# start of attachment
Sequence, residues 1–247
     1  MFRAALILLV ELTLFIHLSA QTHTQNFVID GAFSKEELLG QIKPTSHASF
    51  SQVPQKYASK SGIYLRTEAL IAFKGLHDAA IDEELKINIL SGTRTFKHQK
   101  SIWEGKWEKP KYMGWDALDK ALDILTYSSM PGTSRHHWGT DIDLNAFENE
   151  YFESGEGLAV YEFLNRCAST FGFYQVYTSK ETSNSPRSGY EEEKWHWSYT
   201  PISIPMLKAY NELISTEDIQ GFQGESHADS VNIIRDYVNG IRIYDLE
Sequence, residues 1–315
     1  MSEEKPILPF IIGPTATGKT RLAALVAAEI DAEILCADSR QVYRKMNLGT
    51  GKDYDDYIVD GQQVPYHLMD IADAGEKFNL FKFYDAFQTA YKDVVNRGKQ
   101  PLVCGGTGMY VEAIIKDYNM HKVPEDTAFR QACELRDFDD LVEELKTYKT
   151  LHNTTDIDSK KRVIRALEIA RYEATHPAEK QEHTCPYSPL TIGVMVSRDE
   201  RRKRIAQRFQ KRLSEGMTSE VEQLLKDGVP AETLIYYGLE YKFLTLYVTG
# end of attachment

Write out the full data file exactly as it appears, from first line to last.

Sequence, residues 1–247
     1  MFRAALILLV ELTLFIHLSA QTHTQNFVID GAFSKEELLG QIKPTSHASF
    51  SQVPQKYASK SGIYLRTEAL IAFKGLHDAA IDEELKINIL SGTRTFKHQK
   101  SIWEGKWEKP KYMGWDALDK ALDILTYSSM PGTSRHHWGT DIDLNAFENE
   151  YFESGEGLAV YEFLNRCAST FGFYQVYTSK ETSNSPRSGY EEEKWHWSYT
   201  PISIPMLKAY NELISTEDIQ GFQGESHADS VNIIRDYVNG IRIYDLE
Sequence, residues 1–315
     1  MSEEKPILPF IIGPTATGKT RLAALVAAEI DAEILCADSR QVYRKMNLGT
    51  GKDYDDYIVD GQQVPYHLMD IADAGEKFNL FKFYDAFQTA YKDVVNRGKQ
   101  PLVCGGTGMY VEAIIKDYNM HKVPEDTAFR QACELRDFDD LVEELKTYKT
   151  LHNTTDIDSK KRVIRALEIA RYEATHPAEK QEHTCPYSPL TIGVMVSRDE
   201  RRKRIAQRFQ KRLSEGMTSE VEQLLKDGVP AETLIYYGLE YKFLTLYVTG